My wonderful day (or afternoon I should say) was spent along the Yangzi River from the small port area to just past the’Jiujiang Changjiang Daqiao’ or the Jiujiang Yangzi River Bridge. It’s not a large stretch of land nor is it a piece of land that one would even off handedly remark as being beautiful, nor is it ugly for that matter, but I found enough there to keep my small mind amused for many hours.

<u>Xunyang Pavilion (Xunyang Lou)</u><u> </u>

The Xunyang Pavilion is located on the bank of Yangtze River and for those that don’t know (which would be all of us) Xunyang is the old name for the present-day Jiujiang city. It is not known when the Xunyang Pavilion was first built, but it has been mentioned in poems going back to 785 AD. It is said that the tower was first built as a public wine house in the Tang Dynasty. The Xunyang Pavilion is a great setting to view the Yangtze River and Chinese ancient history. The present Pavilion was reconstructed in 1980, and is now a tea house.

<u>Suojiang</u><u> Tower</u><u></u>

Also located on the side of the Yangzi River is what is known as the Suojiang Tower which is in fact the name given to a group of ancient buildings that include the actual Suojiang Tower, the Suojiang Pagoda (Wenfeng Pagoda) and four iron oxen guardians. In ancient times when traveling by steamboat along the river the Suojiang Pagoda was the first thing to be seen.

Suojiang Tower was firstly built in 1586 by an official of Jiujiang City, Wu Xiu, in the Wanli Reign of Ming Dynasty (AD1368-1644). It was built because the low-lying city of Jiujiang, surrounded on three sides by the Yangtze River, was vulnerable to flooding. It took eighteen years for the tower, which was paid for by collections of money, to be built. Suojiang Tower has three stories and is surrounded by four iron oxen.

A pagoda was built at a later point near Suojiang Tower - Suojiang Pagoda, also known as Wenfeng Pagoda. Standing at a height of about thirty five meters and is built of stones and medieval thick bricks.

Suojiang Tower and Pagoda were built to protect people from disasters, but these structures don't seem to have the same power over themselves. The ravages of earthquakes and wars led to Suojiang Tower being almost completely destroyed. In the Second World War, Japanese invaders shelled Jiujiang City with cannons and the Pagoda was nearly destroyed. Because of the shelling, the Pagoda now slopes north eastward and the pagodas top has strayed from centerline by about seventy six centimeters.

<u>Wave Well (Lang Jing)</u>

I couldn’t find the Wave Well and have added it to this page so that other travelers know that it does exists. I tried to find it but no matter who I spoke to or where I went no one seemed to either understand me or know that it actually exists.

The Wave Well (Lang Jing) is said to be the most ancient relic found in Jiujiang City and is located in Langjing Lane, which is very close to the Yangtze River. Being fifteen meters (49.2 feet) in depth, the well is distinct from others for its water had waves when the Yangtze River did, thus the name Wave Well. The reason why there were waves in the well remained controversial in the olden days. There were mainly two theories: one was that the well connected with the Yangtze River, the other one that the water was gushing out from the spring head, thus creating waves.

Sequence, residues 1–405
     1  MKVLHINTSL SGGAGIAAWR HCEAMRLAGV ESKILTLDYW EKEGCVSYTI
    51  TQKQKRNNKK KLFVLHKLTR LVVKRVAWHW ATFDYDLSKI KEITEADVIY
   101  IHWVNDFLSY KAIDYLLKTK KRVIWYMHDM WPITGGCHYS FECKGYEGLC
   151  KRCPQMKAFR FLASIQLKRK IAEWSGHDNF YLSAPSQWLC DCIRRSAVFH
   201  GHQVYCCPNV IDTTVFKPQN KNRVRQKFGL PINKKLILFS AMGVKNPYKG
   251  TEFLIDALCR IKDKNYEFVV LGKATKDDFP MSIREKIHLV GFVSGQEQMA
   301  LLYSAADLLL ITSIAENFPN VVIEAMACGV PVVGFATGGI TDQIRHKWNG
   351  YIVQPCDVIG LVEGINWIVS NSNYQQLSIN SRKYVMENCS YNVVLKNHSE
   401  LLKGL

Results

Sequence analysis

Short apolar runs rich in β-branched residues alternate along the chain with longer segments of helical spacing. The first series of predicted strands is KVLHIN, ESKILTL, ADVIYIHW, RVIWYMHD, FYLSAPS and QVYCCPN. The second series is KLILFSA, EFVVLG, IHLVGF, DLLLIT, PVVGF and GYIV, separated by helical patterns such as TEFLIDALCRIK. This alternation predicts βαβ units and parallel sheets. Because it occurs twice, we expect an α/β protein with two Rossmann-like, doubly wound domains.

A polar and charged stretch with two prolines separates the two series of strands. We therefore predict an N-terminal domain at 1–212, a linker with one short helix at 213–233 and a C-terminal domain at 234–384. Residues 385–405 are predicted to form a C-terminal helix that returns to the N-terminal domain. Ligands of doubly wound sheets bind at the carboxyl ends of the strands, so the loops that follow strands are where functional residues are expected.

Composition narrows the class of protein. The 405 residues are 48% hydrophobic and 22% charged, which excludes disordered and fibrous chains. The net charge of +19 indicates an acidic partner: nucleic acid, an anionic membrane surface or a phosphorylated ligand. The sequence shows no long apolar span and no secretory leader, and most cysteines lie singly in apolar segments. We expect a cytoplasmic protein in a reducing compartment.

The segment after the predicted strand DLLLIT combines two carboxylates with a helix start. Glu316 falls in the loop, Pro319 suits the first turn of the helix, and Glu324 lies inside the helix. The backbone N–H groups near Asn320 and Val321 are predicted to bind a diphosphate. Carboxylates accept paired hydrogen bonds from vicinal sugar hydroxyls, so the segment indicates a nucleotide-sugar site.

According to history records, the well was dug in about 201 BC when General Guan Ying of the Western Han Dynasty (206 BC-24) initiated the construction of Jiujiang City. For this reason the well is also called Guanying Well. However, the well was later buried and was unknown till the end of the Eastern Han Dynasty (AD25-220), when Sun Quan, emperor of Wu Kingdom in the Three Kingdoms Period (AD220-280), found the site and dug it out.

After a restoration, the well is now guarded by newly-built square pavilion. The poems written by Li Bai and Su Shi explaining the reason of the phenomenon are carved on the wall.

<u>Jiujiang</u><u> Yangtze River Bridge</u><u> (Jiujiang Changjiang Daqiao)</u>

Jiujiang Yangtze River Bridge is located at Yangtze River, at the border intersection of Jiangxi, Hubei, Anhui three provinces. On the south shore are the clear water lake and the north shore docks with Chikou Town, Huangmei County, Hubei. It is the biggest dual purpose bridge spanning with double-deck road and railway at present in China. The upper deck forms a four traffic lane highway bridge and the width of the traffic lane extends to fourteen meters, with both side’s pedestrian walkway extending a further two meters.

The lower deck is the double thread railroad bridge with a length of 7,675 meters and the length of the highway bridge 4,460 meters. There are ten bridge piers and eleven erected steel girders and believe me, when you are standing beneath it or to one side it really is an awesome site, especially when you watch as a train crosses it beneath the highway bridge where huge trucks can also be seen crossing.

<u>Pipa Pavilion</u>

The Pipa Pavilion is located to the east of Yangtze Bridge and faces the river with Lute Lake located behind it. Poet Bai Juyi was demoted from the minister of war from Chang An (the ancient name of what is now known as Xian City) to Jiangzhou (now known as Jiujiang City) in the Tang Dynasty (AD815). The following autumn, he saw a visitor off to XunYangjiang River (north section of Yangtze River). A girl played a Lute on the boat at night and the music stirred Bai Juyi’s emotions.